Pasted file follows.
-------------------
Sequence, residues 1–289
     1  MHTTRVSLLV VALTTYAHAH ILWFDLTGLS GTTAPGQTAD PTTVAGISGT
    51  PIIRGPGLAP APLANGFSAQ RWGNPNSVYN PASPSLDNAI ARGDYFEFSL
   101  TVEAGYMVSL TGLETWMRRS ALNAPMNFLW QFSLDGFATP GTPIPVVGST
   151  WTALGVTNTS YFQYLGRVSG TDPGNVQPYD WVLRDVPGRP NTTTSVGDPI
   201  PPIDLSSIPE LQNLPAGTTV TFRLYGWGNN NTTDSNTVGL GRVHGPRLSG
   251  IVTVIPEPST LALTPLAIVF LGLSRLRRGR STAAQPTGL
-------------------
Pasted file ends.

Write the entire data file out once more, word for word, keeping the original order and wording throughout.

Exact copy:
Sequence, residues 1–289
     1  MHTTRVSLLV VALTTYAHAH ILWFDLTGLS GTTAPGQTAD PTTVAGISGT
    51  PIIRGPGLAP APLANGFSAQ RWGNPNSVYN PASPSLDNAI ARGDYFEFSL
   101  TVEAGYMVSL TGLETWMRRS ALNAPMNFLW QFSLDGFATP GTPIPVVGST
   151  WTALGVTNTS YFQYLGRVSG TDPGNVQPYD WVLRDVPGRP NTTTSVGDPI
   201  PPIDLSSIPE LQNLPAGTTV TFRLYGWGNN NTTDSNTVGL GRVHGPRLSG
   251  IVTVIPEPST LALTPLAIVF LGLSRLRRGR STAAQPTGL